In February of 2015, my father, Said Sheikh Samatar, took a fall down the stairs of his home in South Orange, NJ and suffered a brain injury from which he did not recover.
A year later, I am thinking about him through his things. These things are objects that carry words, written and recorded. They are in my office, some of them still in boxes. I don’t yet know what to do with these personal archives. I mourn through them.
Throughout his life, Dad kept notebooks in which he wrote down English words and phrases. I never knew him to be without one of these notebooks nearby. He took snatches of language from television programs, especially the news, from articles he read, from overheard conversations. The entries are numbered, but because each notebook starts with the number 1, it would take an immense effort to find out how many words and phrases he wrote down in his life. He rarely forgot a word: he had the most powerful affinity for language of anyone I’ve ever met, the greatest facility with words, the deepest delight in their peculiarities. The best gift you could give him was a strange word or pithy quote. One of the last quotes I gave him was from Samuel Johnson: “It may be reasonably imagined that what is so much in the power of men as language, will very often be capriciously conducted.”
Language, especially the notoriously ill-behaved and rule-breaking language of English, confirmed his belief in the absurdity of human beings.
I will probably never count up the number of entries in his notebooks. The number doesn’t matter; what matters is the discipline, the practice.
Recently, my mother told me that she has had to begin using a dictionary. For decades, she, a native speaker of English, would never bother to look up an unfamiliar word. She would just ask Dad.
I have inherited most of my father’s books. I have not read them all, but I hope to one day, to trace the field he inhabited and shaped as a scholar of African history. Among his many books on the Horn of Africa, especially Somalia and the Somali territories, are works by his two favorite English-language authors, Joseph Conrad and Mark Twain. He knew whole Mark Twain stories by heart, and would sometimes quote them in full when guests came over: at such times, it was as if the American author I knew from texts was being returned to his true character as an oral storyteller.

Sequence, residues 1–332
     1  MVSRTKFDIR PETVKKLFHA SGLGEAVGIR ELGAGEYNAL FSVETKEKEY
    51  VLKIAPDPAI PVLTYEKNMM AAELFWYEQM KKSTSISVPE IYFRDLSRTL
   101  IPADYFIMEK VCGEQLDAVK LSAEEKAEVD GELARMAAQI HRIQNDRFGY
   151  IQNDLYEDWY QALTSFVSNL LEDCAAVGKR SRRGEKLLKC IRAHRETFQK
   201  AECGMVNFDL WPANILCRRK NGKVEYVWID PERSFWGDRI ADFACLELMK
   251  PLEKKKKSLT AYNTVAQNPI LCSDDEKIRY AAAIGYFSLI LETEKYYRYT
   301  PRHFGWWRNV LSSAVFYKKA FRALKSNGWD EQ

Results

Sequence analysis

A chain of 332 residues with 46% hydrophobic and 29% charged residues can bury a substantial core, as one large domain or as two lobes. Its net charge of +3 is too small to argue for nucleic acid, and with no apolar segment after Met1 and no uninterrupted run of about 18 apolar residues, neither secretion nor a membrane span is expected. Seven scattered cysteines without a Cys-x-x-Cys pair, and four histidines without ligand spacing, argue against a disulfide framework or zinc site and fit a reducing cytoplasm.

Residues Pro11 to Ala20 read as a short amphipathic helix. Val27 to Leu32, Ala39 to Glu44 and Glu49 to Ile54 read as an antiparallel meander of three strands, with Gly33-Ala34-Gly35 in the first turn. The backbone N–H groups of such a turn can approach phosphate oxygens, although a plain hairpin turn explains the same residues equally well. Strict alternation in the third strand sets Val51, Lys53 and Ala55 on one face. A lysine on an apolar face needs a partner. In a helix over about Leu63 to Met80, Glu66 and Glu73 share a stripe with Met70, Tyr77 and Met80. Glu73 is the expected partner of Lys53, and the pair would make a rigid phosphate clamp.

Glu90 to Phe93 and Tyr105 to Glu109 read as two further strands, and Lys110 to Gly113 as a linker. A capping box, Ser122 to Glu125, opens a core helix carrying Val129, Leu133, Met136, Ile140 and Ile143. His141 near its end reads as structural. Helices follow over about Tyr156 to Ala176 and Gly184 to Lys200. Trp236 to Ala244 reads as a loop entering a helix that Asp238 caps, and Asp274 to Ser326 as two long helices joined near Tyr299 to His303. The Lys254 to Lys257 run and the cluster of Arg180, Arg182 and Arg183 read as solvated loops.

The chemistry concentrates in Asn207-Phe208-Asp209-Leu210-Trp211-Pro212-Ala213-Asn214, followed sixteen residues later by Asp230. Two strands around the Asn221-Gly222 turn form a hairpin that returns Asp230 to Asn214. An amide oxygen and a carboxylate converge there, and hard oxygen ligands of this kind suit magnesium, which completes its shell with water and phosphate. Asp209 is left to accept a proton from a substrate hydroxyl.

My father worked at the confluence of oral literature, history, and politics. His book, Oral Poetry and Somali Nationalism: The Case of Sayyid Maḥammad ‘Abdille Ḥasan, investigates oral poetry as a political tool. Nowadays, “interdisciplinarity” is an academic buzzword, but in the early 1980s, when the book was published, the approach was unusual enough that a reviewer in The Journal of African History expressed doubts about the book’s contribution: was it supposed to be literary criticism or history?
Among Dad’s papers, I found a letter to the editor of the journal, never published, which shows both his confidence in his work and his mastery of what is now known as the “clapback.” (Anyone who knew Dad will tell you he never held back from an argument. A prominent Somali writer once introduced himself to me by saying, laughingly but with a true sense of accomplishment: “I haven’t fought with your dad yet!”)
Of Oral Poetry and Somali Nationalism, the reviewer wrote: “This is still an important book, to be sure, but it is less valuable to the historian than it might have been because of these shortcomings.”
Dad responded: “My gratitude for the sentiment expressed in the first part of this sentence would be matched by my appreciation of the strictures of the second part if [the reviewer] were qualified to make either judgment.”
In addition to being a writer, my father was a collector of others’ words, an editor, an archivist. For twenty-five years, he served as editor of the Horn of Africa journal. Back issues of the journal line the walls of my office. I also have boxes of audiotapes of Somali oral poetry performances he recorded while researching his book in the late 1970s. Something must be done with these tapes. Many have torn or disintegrated over the years. Can they be fixed? I have to find someone to help me with this, to repair them, to digitize them. My dream is to make these recordings available online, but I lack everything: the equipment to play the tapes, the language to understand what they say.
A year after his death, this is what I feel. I lack everything.
The problem of the tapes is a practical one, comparatively easy to solve.
There are other problems that cannot be solved easily—perhaps not at all.
For now, I stand here. In the archives.